FN13. See Whitus v. State, 287 Ga. 801, 804(2) (700 S.E.2d 377) (2010) (holding that counsel was not ineffective when he failed to make a meritless motion for an additional examination of defendant because counsel “believed that the [prior] evaluation was fair and balanced and that he had no reason to disagree and request additional testing”);  Page v. State, 313 Ga.App. 691, 695(2) (722 S.E.2d 408) (2012) (“The fact that a psychiatric report was issued after trial does not demonstrate that counsel performed deficiently at the time of trial.”);   see also Haygood, 289 Ga.App. at 192(2)(a);  Coley, 272 Ga.App. at 449(2).   See generally Sims v. State, 279 Ga. 389, 390(1) (614 S.E.2d 73) (2005) (“The constitutional test for competency seeks to determine whether the defendant is capable of understanding the nature and object of the proceedings, whether he comprehends his own condition in reference to such proceedings and whether he is capable of rendering his counsel assistance in providing a proper defense.”)..  FN13. See Whitus v. State, 287 Ga. 801, 804(2) (700 S.E.2d 377) (2010) (holding that counsel was not ineffective when he failed to make a meritless motion for an additional examination of defendant because counsel “believed that the [prior] evaluation was fair and balanced and that he had no reason to disagree and request additional testing”);  Page v. State, 313 Ga.App. 691, 695(2) (722 S.E.2d 408) (2012) (“The fact that a psychiatric report was issued after trial does not demonstrate that counsel performed deficiently at the time of trial.”);   see also Haygood, 289 Ga.App. at 192(2)(a);  Coley, 272 Ga.App. at 449(2).   See generally Sims v. State, 279 Ga. 389, 390(1) (614 S.E.2d 73) (2005) (“The constitutional test for competency seeks to determine whether the defendant is capable of understanding the nature and object of the proceedings, whether he comprehends his own condition in reference to such proceedings and whether he is capable of rendering his counsel assistance in providing a proper defense.”).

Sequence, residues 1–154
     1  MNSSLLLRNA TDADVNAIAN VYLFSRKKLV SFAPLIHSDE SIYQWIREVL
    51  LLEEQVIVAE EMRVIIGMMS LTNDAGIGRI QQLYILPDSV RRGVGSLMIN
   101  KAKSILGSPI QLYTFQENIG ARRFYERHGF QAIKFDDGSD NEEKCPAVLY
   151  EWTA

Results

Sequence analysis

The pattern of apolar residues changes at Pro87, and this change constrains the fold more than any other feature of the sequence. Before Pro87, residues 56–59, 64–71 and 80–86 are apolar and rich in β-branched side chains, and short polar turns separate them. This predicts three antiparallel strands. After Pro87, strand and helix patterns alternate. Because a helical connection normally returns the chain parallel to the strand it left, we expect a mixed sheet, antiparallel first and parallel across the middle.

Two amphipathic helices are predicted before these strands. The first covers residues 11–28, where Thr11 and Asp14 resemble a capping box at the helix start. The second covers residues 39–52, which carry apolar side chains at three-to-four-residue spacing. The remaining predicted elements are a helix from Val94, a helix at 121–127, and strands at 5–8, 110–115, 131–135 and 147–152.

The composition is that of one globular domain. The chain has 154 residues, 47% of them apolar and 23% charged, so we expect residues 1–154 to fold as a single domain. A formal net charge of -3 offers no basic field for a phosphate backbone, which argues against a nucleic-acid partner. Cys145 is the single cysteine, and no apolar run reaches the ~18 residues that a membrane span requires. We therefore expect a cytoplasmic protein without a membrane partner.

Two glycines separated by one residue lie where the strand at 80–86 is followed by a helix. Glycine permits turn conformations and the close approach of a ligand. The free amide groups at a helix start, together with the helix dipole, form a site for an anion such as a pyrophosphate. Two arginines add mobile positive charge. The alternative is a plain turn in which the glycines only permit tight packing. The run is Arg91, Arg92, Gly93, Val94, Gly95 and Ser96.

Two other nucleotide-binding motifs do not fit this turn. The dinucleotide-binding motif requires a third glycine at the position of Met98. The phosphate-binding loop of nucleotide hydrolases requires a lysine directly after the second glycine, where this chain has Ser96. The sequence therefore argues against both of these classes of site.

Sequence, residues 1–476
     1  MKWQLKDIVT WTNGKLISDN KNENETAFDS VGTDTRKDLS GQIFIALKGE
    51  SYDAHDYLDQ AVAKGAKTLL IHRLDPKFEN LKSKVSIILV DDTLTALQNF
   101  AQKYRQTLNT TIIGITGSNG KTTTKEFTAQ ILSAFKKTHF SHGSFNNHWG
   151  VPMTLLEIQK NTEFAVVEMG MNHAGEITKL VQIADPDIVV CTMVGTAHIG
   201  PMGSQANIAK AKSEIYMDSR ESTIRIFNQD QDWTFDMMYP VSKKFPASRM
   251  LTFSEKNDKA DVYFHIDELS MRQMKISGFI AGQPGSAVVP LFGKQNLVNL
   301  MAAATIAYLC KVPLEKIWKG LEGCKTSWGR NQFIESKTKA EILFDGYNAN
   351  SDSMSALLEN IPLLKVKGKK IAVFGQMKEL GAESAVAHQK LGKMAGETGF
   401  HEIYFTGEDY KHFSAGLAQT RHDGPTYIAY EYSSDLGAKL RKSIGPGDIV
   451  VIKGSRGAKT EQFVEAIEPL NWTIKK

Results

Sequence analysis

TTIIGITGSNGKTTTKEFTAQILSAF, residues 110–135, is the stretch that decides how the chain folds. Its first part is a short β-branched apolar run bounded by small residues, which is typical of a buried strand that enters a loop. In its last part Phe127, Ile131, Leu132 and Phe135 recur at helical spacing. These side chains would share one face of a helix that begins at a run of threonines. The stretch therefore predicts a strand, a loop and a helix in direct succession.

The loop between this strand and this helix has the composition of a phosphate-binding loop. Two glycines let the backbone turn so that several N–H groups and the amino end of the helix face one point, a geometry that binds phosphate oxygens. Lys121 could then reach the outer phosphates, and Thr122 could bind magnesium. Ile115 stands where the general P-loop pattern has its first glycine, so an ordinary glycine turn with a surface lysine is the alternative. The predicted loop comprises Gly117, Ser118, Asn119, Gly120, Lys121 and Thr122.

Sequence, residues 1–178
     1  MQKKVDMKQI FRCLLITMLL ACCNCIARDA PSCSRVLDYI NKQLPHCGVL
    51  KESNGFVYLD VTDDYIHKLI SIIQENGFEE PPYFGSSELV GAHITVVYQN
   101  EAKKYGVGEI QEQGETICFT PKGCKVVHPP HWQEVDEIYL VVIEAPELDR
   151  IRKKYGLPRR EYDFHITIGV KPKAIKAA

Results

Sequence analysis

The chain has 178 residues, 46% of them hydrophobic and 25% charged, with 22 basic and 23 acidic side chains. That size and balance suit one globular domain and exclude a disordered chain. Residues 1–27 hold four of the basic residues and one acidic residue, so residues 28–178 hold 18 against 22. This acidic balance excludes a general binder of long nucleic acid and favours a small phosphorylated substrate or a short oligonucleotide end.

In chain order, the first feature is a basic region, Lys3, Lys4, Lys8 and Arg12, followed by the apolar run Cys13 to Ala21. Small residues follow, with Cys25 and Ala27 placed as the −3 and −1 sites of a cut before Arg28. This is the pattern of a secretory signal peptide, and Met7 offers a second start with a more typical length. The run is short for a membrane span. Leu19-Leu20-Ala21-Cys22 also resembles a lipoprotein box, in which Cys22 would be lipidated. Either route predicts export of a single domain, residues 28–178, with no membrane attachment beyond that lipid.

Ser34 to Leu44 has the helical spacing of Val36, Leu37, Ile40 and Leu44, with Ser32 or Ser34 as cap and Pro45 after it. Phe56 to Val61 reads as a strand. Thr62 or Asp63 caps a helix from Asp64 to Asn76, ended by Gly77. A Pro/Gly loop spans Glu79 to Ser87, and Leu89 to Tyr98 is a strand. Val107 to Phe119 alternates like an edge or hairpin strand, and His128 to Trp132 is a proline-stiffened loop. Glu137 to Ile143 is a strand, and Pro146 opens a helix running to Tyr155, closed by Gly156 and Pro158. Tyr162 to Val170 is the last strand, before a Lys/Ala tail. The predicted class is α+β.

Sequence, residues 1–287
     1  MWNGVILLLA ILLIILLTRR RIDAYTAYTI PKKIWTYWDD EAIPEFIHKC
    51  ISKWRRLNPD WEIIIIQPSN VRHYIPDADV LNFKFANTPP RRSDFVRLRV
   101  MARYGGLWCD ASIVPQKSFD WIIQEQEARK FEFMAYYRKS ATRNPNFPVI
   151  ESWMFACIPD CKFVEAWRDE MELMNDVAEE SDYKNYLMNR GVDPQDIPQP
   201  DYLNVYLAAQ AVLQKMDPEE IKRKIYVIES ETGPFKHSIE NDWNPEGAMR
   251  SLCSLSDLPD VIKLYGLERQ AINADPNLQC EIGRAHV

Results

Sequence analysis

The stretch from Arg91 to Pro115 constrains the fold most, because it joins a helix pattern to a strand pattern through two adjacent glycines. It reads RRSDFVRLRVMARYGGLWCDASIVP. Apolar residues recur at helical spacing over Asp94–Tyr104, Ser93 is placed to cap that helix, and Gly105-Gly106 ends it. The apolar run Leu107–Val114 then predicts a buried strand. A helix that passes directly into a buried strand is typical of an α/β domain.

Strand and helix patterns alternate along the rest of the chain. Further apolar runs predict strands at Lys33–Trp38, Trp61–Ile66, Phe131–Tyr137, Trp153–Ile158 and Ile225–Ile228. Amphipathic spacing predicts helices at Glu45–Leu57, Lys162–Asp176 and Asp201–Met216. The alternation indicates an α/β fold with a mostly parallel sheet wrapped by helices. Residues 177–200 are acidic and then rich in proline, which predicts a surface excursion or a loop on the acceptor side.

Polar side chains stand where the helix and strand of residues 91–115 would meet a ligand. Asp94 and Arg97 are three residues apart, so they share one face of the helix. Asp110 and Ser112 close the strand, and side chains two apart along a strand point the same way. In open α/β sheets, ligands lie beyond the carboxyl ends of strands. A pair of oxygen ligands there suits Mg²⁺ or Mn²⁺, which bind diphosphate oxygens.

FN14. The record reflects that most of the videos were commercially produced and created by consenting adults, and they were obtained via pornographic websites..  FN14. The record reflects that most of the videos were commercially produced and created by consenting adults, and they were obtained via pornographic websites.